<ref>[http://www. The MIT Press. When this approach is not properly set. The key difference is that rather than 'set' objectives from a cascade process. Deming also pointed out that Drucker warned managers that a systemic view was required <ref>Drucker. objectives are discussed and agreed upon. ==Arguments against== MBO has its detractors. self-centered employees might be prone to distort results. agreed and managed by organizations. In this case.3. 1973</ref> and felt that Drucker's warning went largely unheeded by the practitioners of MBO. therefore. Edwards. "Out of the Crisis". not at what they ''should do''. "Management Tasks. which usually results in poor quality.pmhut. . who argued that a lack of understanding of systems commonly results in the misapplication of objectives. A saying around MBO "What gets measured gets done". narrow fashion.<ref>Deming. Why measure performance? Different purposes require different measures is perhaps the most famous aphorism of performance measurement. it still has its place in management today. ISBN 0262541165</ref> Additionally. Harper & Row. notably among them [[W. Alex Sherrer. which can be advantageous. While MBO is not as fashionable as it was before._Edwards_Deming#Key principles|key principles]] encourages managers to abandon objectives in favour of leadership because he felt that a leader with an understanding of systems was more likely to guide workers to an appropriate solution than the incentive of an objective. managing by objectives would be counterproductive. Edwards Deming]]. Employees are often involved in this process. Companies evaluated their employees by comparing them with the "ideal" employee.com/demings-14-points-andquality-project-leadership Deming s 14 Points and Quality Project Leadership] ''J. March 3. Practices". Responsibilities. 1994. falsely representing achievement of targets that were set in a shortterm. W. The use of MBO must be carefully aligned with the culture of the organization. Peter. Deming stated that setting production targets will encourage resources to meet those targets through whatever means necessary. 2010''</ref> Point 7 of Deming's [[W. Trait appraisal only looks at what employees ''should be''. to avoid potential problems SMART and SMARTER objectives need to be agreed upon in the true sense rather than set.

The ADKAR Model Change management has been developed over a period of time and one of the models that has played an influence in change management is the ADKAR model. but has become extremely popular with organizations or corporations that would like to initiate significant change to processes that can include both work tasks and culture. If not. Change management has been around for a while. One of the goals of change management is with regards to the human aspects of overcoming resistance to change in order for organizational members to buy into change and achieve the organization¶s goal of an orderly and effective transformation. Desire ± Either the individual or organizational members must have the motivation and desire to participate in the call for change or changes. Most organizations want change implemented with the least resistance and with the most buy-in as possible. there are five specific stages that must be realized in order for an organization or an individual to successfully change. An individual or organization must know how to change. They include: y y y y y Awareness ± An individual or organization must know why a specific change or series of changes are needed. Organizational Change Management Organizational change management takes into consideration both the processes and tools that managers use to make changes at an organizational level. change must be applied with a structured approach so that transition from one type of behavior to another will be smooth. .Change Management Someone who has worked in a corporation or with a large organization might have heard the phrase ³change management´ used from time to time. Change management can be defined as a set of processes that is employed to ensure that significant changes are implemented in an orderly. Procsi developed the ADKAR model. and systematic fashion to effect organizational change. an individual or organization will probably revert to their old behavior. controlled. For this to occur. In this model. Ability ± Every individual and organization that truly wants to change must implement new skills and behaviors to make the necessary changes happen. Knowledge ± Knowing why one must change is not enough. Reinforcement ± Individuals and organizations must be reinforced to sustain any changes.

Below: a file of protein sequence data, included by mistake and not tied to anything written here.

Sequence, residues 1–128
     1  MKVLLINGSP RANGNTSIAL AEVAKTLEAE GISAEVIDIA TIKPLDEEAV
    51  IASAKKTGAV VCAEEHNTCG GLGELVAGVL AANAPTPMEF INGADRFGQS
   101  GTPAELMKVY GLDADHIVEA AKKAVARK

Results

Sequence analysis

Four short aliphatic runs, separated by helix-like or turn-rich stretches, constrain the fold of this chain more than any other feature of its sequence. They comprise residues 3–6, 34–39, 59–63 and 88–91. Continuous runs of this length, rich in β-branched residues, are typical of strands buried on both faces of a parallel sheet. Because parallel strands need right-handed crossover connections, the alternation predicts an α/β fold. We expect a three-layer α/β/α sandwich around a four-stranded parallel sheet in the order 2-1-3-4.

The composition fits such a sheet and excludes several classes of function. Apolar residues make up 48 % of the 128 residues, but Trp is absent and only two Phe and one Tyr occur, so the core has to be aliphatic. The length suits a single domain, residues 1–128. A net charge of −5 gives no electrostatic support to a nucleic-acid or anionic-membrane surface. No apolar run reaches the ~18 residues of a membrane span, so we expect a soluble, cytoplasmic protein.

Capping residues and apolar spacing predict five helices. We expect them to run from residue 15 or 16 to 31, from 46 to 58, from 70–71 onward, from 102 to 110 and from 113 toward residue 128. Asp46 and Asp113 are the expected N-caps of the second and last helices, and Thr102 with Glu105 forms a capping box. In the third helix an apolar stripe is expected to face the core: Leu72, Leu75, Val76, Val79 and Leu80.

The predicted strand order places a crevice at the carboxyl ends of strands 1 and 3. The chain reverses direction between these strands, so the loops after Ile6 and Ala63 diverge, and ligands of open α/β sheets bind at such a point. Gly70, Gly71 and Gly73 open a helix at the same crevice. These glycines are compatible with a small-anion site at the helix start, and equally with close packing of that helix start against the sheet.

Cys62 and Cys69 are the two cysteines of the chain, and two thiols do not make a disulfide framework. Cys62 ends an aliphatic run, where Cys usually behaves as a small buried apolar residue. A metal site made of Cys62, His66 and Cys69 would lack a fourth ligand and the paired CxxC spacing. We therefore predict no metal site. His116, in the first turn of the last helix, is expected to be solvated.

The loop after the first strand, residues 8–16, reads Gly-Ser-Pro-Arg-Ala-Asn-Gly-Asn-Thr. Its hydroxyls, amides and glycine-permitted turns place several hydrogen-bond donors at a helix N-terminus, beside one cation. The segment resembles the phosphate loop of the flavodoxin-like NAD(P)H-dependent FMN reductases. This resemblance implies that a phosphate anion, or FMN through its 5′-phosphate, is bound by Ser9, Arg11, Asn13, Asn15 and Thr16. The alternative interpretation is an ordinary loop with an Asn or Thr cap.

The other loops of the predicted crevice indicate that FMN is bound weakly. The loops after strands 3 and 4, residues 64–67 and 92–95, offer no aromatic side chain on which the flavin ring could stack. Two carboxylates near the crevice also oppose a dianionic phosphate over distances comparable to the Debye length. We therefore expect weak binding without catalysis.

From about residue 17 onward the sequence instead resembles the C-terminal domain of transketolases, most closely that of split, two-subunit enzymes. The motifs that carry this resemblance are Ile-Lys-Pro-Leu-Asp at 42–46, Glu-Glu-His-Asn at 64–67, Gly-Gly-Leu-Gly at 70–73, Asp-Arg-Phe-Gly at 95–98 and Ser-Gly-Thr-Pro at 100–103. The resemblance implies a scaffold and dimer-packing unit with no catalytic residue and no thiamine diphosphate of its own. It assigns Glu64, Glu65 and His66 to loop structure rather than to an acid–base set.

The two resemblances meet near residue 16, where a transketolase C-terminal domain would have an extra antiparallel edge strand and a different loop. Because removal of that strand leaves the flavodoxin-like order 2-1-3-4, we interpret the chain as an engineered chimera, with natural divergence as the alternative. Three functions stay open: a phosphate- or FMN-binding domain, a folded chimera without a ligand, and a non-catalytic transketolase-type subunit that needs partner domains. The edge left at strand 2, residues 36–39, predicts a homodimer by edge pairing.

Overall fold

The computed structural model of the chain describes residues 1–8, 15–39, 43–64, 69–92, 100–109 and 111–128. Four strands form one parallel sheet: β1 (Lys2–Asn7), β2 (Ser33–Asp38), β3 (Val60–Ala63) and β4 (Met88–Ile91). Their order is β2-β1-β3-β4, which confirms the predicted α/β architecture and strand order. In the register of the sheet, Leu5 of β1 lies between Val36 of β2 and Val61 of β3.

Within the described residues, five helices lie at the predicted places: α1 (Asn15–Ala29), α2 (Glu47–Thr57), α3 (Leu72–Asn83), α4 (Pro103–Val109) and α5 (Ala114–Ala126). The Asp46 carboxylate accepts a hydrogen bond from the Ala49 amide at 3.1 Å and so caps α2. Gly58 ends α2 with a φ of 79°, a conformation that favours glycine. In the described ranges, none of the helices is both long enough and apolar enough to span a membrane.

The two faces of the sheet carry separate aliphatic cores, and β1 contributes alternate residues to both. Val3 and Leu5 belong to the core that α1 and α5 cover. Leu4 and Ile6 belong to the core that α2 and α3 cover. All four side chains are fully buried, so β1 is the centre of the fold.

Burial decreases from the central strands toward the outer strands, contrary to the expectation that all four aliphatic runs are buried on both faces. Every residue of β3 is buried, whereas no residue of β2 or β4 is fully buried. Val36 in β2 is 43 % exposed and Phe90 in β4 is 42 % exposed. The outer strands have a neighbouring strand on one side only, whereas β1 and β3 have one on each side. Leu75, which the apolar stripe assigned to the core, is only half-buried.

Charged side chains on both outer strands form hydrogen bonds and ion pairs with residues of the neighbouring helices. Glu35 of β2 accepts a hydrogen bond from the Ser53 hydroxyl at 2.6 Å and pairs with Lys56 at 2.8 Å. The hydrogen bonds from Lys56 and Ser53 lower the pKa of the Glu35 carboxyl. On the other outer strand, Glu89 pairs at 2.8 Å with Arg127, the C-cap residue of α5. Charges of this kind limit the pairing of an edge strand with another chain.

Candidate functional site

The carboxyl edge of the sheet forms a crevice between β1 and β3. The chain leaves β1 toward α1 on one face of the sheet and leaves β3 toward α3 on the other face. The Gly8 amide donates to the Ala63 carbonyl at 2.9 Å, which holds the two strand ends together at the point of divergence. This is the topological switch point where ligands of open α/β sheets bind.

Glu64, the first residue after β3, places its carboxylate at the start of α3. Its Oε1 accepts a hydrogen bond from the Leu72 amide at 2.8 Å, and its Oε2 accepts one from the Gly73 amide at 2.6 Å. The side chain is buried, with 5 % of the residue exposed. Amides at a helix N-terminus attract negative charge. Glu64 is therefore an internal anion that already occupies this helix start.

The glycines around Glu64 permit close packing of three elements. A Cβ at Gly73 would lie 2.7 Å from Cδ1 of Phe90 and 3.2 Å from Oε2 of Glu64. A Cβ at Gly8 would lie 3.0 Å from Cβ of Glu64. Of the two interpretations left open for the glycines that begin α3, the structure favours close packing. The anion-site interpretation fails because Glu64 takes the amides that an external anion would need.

If an organization tries to make changes that are inherently bad or that the organization does not receive positively. it is important that individuals in the organization who need to make modifications to their behavior exhibit ³buy in. However. . citing issues with current procedures and then communicating the benefits for both the individual and organization. employee behavior. which is at times very difficult. certain changes sometimes produce a tremendous amount of resistance. it will be much more difficult or close to impossible to implement these changes without significant resistance. Organizations can enhance ³buy in´ by first explaining the changes to be made. change can be extremely beneficial. it is important for managers to estimate the impact that they will have on the organization and individual employee on many levels including technology. The Importance of ³Buy In´ For an individual or organization to achieve change effectively. The end result is that management must help employees accept change and help them become well adjusted and effective once these changes have been implemented. processes. each individual and the organization as a whole have to work hard to make the necessary behavior modifications. management¶s first responsibility is to identify processes or behaviors that are not proficient and come up with new behaviors. work processes. At this point management should assess the employee¶s reaction to an implemented change and try to understand the reaction to it. that are more effective.Management¶s Role in the Organizational Change In most cases. In many cases. etc. In addition. etc. It is management¶s job to help support workers through the process.´ ³Buy in´ means that the organization as a whole understands that the changes that need to be made are ultimately beneficial to both the individual and the organization. Once changes are identified.